Erin Browne, Head of Asset Allocation, Investment Solutions
While synchronized global demand growth was a defining feature of 2017, the short-term growth impulse has been more discordant – with the strength of the US contrasting sharply with softening in other major economies. Overall, the rate of acceleration in global economic growth has moderated, but the residual rate of growth remains strong and above-trend.
We do not see US economic strength wavering significantly in the short-term. While the current growth cycle in the US is already long by historical standards, recent tax reform is likely to spur a reacceleration in demand growth later in the year. Rising capital expenditure also gives us confidence in longer-term productivity growth and in the sustainability of this cycle.
Elsewhere, Chinese demand growth rates continue to moderate as policies aimed at rebalancing the economy and reducing debt kick in. Short-term macro-economic data from the Eurozone and Japan have been disappointing but we do not ascribe a high probability to a more meaningful or sustained downturn in either economy given how loose monetary policy remains. Meanwhile, growth rates across emerging markets vary significantly, but we see economies and corporates across the region in good financial health to weather the twin threats of a stronger USD and higher USD funding rates.
On the inflation front our view is that consumer prices are likely to tick higher in the US as the output gap closes, high input costs feed through and as wage rises accelerate – and even more slowly in other major economies. Against this backdrop monetary policy outside of the US is likely to stay looser for longer. We do not believe that the Federal Reserve will deviate from its gradual path of normalization unless confronted by a sustained acceleration in inflation data or other evidence that the US economy is overheating.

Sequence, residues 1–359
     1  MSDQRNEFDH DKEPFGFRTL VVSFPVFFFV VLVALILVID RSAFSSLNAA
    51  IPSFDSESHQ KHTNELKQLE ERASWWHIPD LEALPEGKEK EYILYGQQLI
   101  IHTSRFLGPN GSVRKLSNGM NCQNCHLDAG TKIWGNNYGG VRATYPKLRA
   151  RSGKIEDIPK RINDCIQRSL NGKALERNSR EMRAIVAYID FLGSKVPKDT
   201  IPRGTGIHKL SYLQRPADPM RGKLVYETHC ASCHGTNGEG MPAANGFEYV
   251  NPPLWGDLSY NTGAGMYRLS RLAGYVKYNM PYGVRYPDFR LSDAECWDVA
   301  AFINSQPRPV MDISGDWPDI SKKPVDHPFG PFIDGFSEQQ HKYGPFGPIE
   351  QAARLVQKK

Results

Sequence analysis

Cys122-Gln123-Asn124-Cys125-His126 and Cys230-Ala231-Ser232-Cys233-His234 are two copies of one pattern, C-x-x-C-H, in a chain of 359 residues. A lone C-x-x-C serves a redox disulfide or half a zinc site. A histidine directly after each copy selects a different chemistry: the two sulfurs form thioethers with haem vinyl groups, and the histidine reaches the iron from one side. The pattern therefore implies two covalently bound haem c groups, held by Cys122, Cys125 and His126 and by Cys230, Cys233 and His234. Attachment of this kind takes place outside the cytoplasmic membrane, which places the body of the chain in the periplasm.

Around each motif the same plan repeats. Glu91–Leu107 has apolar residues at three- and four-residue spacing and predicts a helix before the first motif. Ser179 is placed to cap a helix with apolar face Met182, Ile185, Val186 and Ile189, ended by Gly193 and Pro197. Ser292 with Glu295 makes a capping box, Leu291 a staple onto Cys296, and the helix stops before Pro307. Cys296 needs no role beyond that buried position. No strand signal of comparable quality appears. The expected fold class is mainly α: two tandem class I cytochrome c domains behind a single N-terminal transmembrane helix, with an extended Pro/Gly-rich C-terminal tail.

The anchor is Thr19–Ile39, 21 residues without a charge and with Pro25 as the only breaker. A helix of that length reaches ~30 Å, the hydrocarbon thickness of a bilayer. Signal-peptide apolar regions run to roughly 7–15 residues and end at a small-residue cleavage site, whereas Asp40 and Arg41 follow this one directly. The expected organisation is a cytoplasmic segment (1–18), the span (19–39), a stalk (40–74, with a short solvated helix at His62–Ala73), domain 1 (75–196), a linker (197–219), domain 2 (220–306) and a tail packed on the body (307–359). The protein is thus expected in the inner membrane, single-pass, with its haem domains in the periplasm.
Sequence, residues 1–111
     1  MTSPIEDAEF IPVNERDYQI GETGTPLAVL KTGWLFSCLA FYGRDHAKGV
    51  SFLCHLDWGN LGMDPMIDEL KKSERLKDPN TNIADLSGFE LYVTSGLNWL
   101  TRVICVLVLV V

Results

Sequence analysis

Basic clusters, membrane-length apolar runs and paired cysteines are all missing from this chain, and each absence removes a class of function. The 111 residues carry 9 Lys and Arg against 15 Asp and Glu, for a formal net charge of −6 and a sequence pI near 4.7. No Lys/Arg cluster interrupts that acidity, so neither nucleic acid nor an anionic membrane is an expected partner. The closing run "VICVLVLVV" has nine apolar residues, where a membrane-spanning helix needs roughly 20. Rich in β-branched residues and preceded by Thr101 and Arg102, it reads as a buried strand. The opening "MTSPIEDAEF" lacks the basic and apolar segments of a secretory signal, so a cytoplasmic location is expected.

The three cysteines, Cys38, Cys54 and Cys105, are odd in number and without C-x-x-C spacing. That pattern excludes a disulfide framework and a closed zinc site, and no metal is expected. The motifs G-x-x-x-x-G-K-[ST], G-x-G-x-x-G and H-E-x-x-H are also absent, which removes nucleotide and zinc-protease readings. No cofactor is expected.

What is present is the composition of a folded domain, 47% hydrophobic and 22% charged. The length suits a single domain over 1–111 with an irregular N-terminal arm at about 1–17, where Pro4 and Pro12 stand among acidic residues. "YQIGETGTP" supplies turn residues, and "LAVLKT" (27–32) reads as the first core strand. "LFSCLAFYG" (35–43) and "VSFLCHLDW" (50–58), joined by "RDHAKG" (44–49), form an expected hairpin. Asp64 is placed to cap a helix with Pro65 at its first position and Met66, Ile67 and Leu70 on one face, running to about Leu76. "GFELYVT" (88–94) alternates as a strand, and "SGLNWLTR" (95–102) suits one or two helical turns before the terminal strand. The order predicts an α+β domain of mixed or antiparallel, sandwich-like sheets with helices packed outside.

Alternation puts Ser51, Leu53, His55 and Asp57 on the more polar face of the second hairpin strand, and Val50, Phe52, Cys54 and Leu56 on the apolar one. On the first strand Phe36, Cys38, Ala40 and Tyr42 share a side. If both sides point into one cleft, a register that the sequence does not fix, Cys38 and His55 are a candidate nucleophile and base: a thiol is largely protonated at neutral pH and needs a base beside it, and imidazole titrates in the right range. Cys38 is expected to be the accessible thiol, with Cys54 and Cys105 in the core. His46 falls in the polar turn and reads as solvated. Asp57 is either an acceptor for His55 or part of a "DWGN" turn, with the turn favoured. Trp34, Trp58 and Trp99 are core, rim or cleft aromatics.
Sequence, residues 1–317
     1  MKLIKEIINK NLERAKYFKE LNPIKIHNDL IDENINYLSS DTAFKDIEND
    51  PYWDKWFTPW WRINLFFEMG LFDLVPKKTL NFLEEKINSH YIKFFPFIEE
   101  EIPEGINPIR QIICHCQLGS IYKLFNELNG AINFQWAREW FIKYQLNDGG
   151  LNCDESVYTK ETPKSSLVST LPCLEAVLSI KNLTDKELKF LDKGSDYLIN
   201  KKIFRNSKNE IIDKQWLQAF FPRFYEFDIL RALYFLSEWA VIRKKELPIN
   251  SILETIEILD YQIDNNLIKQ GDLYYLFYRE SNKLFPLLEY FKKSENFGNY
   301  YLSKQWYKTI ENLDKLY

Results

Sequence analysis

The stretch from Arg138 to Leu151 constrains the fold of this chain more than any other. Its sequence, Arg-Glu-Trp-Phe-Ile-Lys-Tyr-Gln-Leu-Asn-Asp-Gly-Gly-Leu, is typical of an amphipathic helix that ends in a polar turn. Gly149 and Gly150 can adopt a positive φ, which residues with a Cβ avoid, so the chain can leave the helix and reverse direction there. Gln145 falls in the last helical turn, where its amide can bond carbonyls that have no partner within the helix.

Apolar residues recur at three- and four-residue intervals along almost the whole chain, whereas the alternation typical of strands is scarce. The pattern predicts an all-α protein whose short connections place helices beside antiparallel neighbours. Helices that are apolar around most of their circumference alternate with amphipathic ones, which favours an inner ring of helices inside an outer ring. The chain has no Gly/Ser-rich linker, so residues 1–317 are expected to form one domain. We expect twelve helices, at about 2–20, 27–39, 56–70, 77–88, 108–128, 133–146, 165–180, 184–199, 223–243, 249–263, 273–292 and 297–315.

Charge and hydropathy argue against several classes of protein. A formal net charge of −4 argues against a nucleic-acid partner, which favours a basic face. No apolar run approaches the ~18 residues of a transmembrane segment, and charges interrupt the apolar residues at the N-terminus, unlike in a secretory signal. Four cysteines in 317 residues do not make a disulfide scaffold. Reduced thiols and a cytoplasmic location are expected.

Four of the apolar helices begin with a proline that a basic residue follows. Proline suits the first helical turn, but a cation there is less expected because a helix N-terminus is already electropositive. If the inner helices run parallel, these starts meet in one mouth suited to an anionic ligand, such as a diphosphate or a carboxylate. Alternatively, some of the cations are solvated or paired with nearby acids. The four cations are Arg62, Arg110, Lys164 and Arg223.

Overall we retain a positive view of global equity markets and do not see rising nominal bond yields as a de facto negative for equities given the strong support from earnings growth, M&A activity and from share buy backs. Equities globally remain attractively valued against both government bonds and corporate bonds. In fixed income, our view on global duration remains negative. In particular, Swiss and German bonds continue to look very overvalued and, in our view, have an increasingly asymmetric risk profile.
Within credit, current default rates in high yield are still very low by historical standards. We do not expect any material pick-up in US corporate debt defaults in the near-term, but do not view the risk/reward as attractive. Elsewhere, we see continued strong demand for EM hard currency debt's attractive real yield.
We identify higher-than-expected US inflation, geopolitics and a China hard landing as the three principal risks to global risk assets. Of these, geopolitics in general and rising protectionism in particular are perhaps the most immediate threat.
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